And by the way, no homework until Year (well, in the normal case anyway) 6? Wow, you were lucky! Some kids in my class had to start taking work home during 2nd Grade – I started having homework in the 3rd grade. I’ve heard that there are 5-year-olds going home with work now…


  8. I was very admiring of your clinging on to the fence and landing the headteacher a kick in the face and see that same spiritedness in you now (as in going after the scambaiters etc). Appalling story – mixed grades don’t work for so many kids that they shouldn’t be allowed. It happens in the UK sometimes due to staff shortages caused by lack of funding, but it’s no fun for the kids.

  9. I disliked school in the 60’s and now you reminded me of how unkind, and in sensitive school can be when you have idiots running the place. I’m sorry for your experience. The truth, you never do get over it and it can effect you for a long time. What I’ve noticed about your blog, however, is that you have risen above the bad break you were given and are able to share a genuine gift of teaching and helping others. You can also be a watchdog for others who encounter an unfairness in school. You had that time in your life, to help someone in your future. Good luck and we think your great….

    Dorothy from grammology

  10. That story just put a pit in my stomach. School was so very different then and that’s why I find myself fretting every day about what’s going on at my daughter’s school while I’m not there. It’s that motherly “protective” instinct. We try to do what we think is best while at the same time trusting those who are in charge, in your case, the headmaster.

  11. River – I wish everyone understood it. ;)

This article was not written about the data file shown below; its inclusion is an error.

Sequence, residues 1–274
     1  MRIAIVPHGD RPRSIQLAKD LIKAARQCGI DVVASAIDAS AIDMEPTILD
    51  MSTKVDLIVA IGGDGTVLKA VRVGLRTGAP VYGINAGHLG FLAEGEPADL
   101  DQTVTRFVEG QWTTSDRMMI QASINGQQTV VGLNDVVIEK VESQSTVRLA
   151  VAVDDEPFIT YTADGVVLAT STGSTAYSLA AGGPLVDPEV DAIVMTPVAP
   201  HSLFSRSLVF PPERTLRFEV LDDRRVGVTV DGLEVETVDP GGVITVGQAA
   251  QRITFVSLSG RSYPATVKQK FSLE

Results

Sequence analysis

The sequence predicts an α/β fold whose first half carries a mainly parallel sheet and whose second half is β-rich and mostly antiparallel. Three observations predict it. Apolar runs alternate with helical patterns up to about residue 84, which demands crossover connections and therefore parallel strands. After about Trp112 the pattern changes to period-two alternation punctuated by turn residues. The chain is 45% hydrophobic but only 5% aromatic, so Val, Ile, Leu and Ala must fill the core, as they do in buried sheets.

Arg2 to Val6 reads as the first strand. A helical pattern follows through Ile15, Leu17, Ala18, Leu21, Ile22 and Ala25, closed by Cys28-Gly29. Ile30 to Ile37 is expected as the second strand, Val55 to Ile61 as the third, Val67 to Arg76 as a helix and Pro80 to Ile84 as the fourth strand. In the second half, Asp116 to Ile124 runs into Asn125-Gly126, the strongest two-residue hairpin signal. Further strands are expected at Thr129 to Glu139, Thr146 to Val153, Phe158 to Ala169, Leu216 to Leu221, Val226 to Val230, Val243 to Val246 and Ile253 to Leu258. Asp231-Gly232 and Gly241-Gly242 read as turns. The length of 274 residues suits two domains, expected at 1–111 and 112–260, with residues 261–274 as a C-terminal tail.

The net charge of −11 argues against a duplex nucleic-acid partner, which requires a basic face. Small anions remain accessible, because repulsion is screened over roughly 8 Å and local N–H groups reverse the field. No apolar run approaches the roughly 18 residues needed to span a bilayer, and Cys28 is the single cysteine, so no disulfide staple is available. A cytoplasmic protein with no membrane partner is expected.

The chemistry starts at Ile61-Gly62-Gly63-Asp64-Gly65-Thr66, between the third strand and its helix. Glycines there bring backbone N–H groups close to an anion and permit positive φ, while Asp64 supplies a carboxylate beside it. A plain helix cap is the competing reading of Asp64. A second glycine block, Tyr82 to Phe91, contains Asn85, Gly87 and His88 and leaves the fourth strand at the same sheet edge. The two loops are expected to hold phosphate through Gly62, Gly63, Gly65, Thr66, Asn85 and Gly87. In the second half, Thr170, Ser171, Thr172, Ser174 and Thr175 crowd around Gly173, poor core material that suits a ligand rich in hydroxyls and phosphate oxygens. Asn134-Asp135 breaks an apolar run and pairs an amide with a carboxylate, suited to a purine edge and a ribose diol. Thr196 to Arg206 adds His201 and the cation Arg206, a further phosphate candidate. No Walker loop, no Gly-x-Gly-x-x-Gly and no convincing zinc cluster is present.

Teeni – Hi! Welcome to my blog. I’ve seen you over at Opal’s, I’ll check your blog out when I find a spare moment. ;) Mrs Sunney was completely uncaring that her mistake caused so much hassle. She was a real Mommy Beyotch. Thanks for de-lurking!

    Christine – Mother was pretty upset and really didn’t know what to do. I think it was a horrible time for the whole family.

    Emily – Exactly what I have thought all these years. They simply should not have been allowed to enrol. They were in Grade 3 – which meant 5 students from every level upwards had to be moved a year higher so the class sizes would be legal. :( It wasn’t just us five who were affected, in total there were 20 students shifted around.

    Christine and Faz – I am glad I survived it too – thanks for commenting! ;) Love your blog.

    Cellobella – having been bullied, I would always opt to move the child. Children rely on adults to do the right thing by them, and allowing them to remain in a situation where they are bullied is not the right thing. :(

    You are right, it made me who I am today and I do still suffer some of the after effects. Including being terrible at maths!

    I could have been so much more than I am, if I’d had that chance when I was a kid. That’s my biggest regret.

    Julie – It’s difficult to think of who I could have been if not for this. I think the worst part was the weight gain. Up till then I had always been a thin child. I have struggled with my weight ever since.

    Maybe I would have become an athlete if I’d kept going with sport. Maybe I would have achieved my dream of being a pilot if I’d done better with maths. Maybe I’d have become a teacher or a nurse, two other dreams I had.

    But coulda woulda shoulda doesn’t help anyone, especially not me. :(

    Kirsten – I was playing the Viola since grade 4, and I had shown a lot of promise. However with the change and me not wanting to do homework, I also didn’t want to practice anymore. ;( I loved the instrument but I gave up.

    Sephy – I don’t believe kids should have homework. I think school hours should be extended to mean they can finish their work at school. I don’t believe the majority of adults take work home with them every day, why should kids be forced to? :(

    Julie – He was a nasty piece of work and he truly deserved that kick. He should have listened to the parents who wanted to give us time to calm down at the very least, before throwing us into the deep end.

    I think this was one thing that made me a more compassionate person. I suffered a lot and I cannot stand to see anyone else suffering. It breaks my heart. I want to fix the world. :)